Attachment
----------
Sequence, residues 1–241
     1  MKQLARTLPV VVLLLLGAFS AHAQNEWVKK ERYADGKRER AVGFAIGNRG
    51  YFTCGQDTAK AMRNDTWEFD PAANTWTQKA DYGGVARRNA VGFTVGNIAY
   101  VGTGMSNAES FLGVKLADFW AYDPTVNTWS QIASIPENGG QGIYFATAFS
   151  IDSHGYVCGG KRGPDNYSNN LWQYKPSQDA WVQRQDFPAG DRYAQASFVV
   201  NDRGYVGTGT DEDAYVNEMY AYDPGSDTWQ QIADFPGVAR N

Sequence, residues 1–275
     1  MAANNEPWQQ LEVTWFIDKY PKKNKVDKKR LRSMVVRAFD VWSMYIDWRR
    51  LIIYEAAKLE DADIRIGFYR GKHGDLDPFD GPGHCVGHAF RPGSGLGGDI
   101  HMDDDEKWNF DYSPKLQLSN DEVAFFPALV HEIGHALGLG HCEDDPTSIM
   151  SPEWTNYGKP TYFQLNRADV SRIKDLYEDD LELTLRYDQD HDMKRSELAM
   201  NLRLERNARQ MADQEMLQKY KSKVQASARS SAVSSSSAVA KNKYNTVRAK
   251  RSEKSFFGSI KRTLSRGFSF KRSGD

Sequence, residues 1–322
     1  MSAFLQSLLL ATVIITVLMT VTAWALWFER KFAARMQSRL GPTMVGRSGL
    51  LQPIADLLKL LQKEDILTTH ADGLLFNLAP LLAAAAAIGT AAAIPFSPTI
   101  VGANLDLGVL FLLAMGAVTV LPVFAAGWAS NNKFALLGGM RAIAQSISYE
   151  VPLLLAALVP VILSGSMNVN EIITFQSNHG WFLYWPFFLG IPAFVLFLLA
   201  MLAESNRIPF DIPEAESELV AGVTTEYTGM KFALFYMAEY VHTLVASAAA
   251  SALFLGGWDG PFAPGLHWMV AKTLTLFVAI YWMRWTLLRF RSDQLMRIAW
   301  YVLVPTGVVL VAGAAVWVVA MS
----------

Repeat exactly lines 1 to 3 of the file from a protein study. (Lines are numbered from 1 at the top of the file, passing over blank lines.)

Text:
Sequence, residues 1–241
     1  MKQLARTLPV VVLLLLGAFS AHAQNEWVKK ERYADGKRER AVGFAIGNRG
    51  YFTCGQDTAK AMRNDTWEFD PAANTWTQKA DYGGVARRNA VGFTVGNIAY